A couple of researchers at Queen Mary College in London did something along these lines in 2005. They asked "100 academics, critics and writers" to discuss the books they'd read most recently. According to the Guardian, "four out of five men said the last novel they read was by a man, whereas women were almost as likely to have read a book by a male author as a female. When asked what novel by a woman they had read most recently, a majority of men found it hard to recall or could not answer.
Maybe the second sentence of the second paragraph explains the problem. Try asking 100 'regular people', not academics, critics or writers, the last book they read. My guess is it's probably not going to jibe with the literati.
Conventional wisdom among professionals in the children's book business is that while girls will read books about either boys or girls, boys only want to read about boys. Could it be that this bias extends into adulthood, with the preference among boys for male characters evolving into the preference among men for male authors? Or it could be that many male readers simply doubt that women have anything interesting to say.
Pardon me while I stomp around in a rage. Ok, done. Boys reading about boys is suddenly a bias? Here's a newsflash: as a child, you relate to kids like you, and books about kids like you. For the most part, boys relate to boys, girls relate to girls. I can think of dozens of books by men that I loved as a child, but not many by women. And you know what? Now I read tons of books by women. I read based on personal taste and critical acclaim, not whether the author has a penis. As you age, your tastes refine, and your breadth of experience, desire for knowledge and innate curiosity expands. I'm not a huge Woody Allen fan. Doesn't mean I'm anti-Semetic.
Once traced back to the tastes of individual readers, the stubborn persistence of this imbalance becomes less mystifying. Editors can be shamed or pressured (temporarily, at least) into evening up the gender split in their bylines and book review sections, and some women have begun calling for subscription cancellation drives and other forms of economic protest after the release of the Vida survey results.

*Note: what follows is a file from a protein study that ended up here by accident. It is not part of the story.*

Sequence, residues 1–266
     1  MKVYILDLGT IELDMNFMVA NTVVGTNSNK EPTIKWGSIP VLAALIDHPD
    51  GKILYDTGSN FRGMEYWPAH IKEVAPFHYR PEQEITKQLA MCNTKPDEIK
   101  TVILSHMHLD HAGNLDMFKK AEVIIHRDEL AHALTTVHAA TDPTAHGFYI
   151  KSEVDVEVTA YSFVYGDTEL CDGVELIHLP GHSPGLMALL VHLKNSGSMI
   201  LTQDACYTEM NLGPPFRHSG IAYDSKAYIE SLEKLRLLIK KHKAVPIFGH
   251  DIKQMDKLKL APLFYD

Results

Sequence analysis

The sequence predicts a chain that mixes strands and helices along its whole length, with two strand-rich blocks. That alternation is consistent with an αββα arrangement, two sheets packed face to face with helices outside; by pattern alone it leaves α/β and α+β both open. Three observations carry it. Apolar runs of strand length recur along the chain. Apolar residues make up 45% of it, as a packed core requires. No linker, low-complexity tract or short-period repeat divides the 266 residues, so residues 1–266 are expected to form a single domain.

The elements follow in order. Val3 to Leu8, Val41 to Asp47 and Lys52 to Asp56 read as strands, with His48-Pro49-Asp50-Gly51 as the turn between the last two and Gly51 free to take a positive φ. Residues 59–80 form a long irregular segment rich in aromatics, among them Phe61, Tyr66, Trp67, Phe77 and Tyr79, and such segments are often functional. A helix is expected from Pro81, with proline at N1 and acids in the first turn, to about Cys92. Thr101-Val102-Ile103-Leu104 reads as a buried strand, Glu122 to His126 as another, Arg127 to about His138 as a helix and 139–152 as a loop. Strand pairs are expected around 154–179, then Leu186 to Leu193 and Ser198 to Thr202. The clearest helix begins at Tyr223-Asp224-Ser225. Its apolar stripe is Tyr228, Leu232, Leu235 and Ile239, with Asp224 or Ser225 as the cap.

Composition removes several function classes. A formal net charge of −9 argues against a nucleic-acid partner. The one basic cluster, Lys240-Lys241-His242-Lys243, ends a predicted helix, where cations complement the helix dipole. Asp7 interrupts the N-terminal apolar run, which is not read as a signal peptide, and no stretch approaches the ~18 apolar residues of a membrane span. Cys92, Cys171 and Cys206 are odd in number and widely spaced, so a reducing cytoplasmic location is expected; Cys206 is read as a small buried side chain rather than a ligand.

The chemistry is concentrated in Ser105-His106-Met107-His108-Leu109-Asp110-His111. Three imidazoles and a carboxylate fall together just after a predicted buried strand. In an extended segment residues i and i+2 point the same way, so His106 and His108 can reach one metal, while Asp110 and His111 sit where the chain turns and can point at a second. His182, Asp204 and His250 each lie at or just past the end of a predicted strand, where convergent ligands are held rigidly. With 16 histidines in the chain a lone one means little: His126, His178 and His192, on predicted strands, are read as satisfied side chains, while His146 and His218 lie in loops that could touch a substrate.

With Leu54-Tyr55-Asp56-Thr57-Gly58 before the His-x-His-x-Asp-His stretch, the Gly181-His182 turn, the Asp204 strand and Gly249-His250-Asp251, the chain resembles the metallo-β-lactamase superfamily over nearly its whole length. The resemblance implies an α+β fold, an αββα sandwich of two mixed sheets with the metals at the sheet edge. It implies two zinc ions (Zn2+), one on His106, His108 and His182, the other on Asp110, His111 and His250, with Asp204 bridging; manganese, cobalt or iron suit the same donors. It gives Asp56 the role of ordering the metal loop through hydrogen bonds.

Good for them. I'm all for gender equality in reviewing. But let's get to the real problem: Franklin nailed the issues, only without her even knowing it. When examining publishing catalogs, she eliminated books that likely weren't to be reviewed--and what do you know, the majority of them were 'by' women. Now, I'm not saying cookbooks should be reviewed by the New York Review of Books, but if more popular fiction was treated fairly (as is popular entertainment in literally every other form of media), I'm certain the gap would close, if not shut altogether.
I used to know once defiantly informed me (apropos of nothing we'd been talking about) that he'd never read a Jane Austen novel and had no intention of ever reading one. Deeming him something of a lost cause, I kept my mouth shut, but it was clear he expected me to get indignant, and to scold. Instead, I could only look at him with pity. The loss was entirely his.
Nothing like using an isolated case to indict an entire gender. On behalf of all the men who 'have' read Jane Austen, aside from offering a sincere raspberry, my suggestion is for the critical establishment to considering its own biases before blaming external factors. The notion that publishing -- which is a hugely female-dominated industry -- is not publishing books by or for women is laughable to consider, but sad when considering the obfuscation that must take place to come to that conclusion. Now, I have nothing against Miller herself. After I wrote my HuffPost article about gender in publishing, she was very kind and accommodating and allowed me to clarify some of what she'd written. However, equality in reviewing should extend well beyond gender lines. The fact that it hasn't is far more of an indictment of critics than anything they could posit on other industry factors. And if you look beyond gender lines, my guess is that critical gender gap would close immediately.
JASON PINTER is the bestselling author of five thriller novels (the most recent of which are The Fury and The Darkness), and is an agent with the Waxman Literary Agency. His first novel for young readers, Zeke Bartholomew: Superspy!, will be released in the summer of 2011. Visit him at www.jasonpinter.com or follow him on Twitter.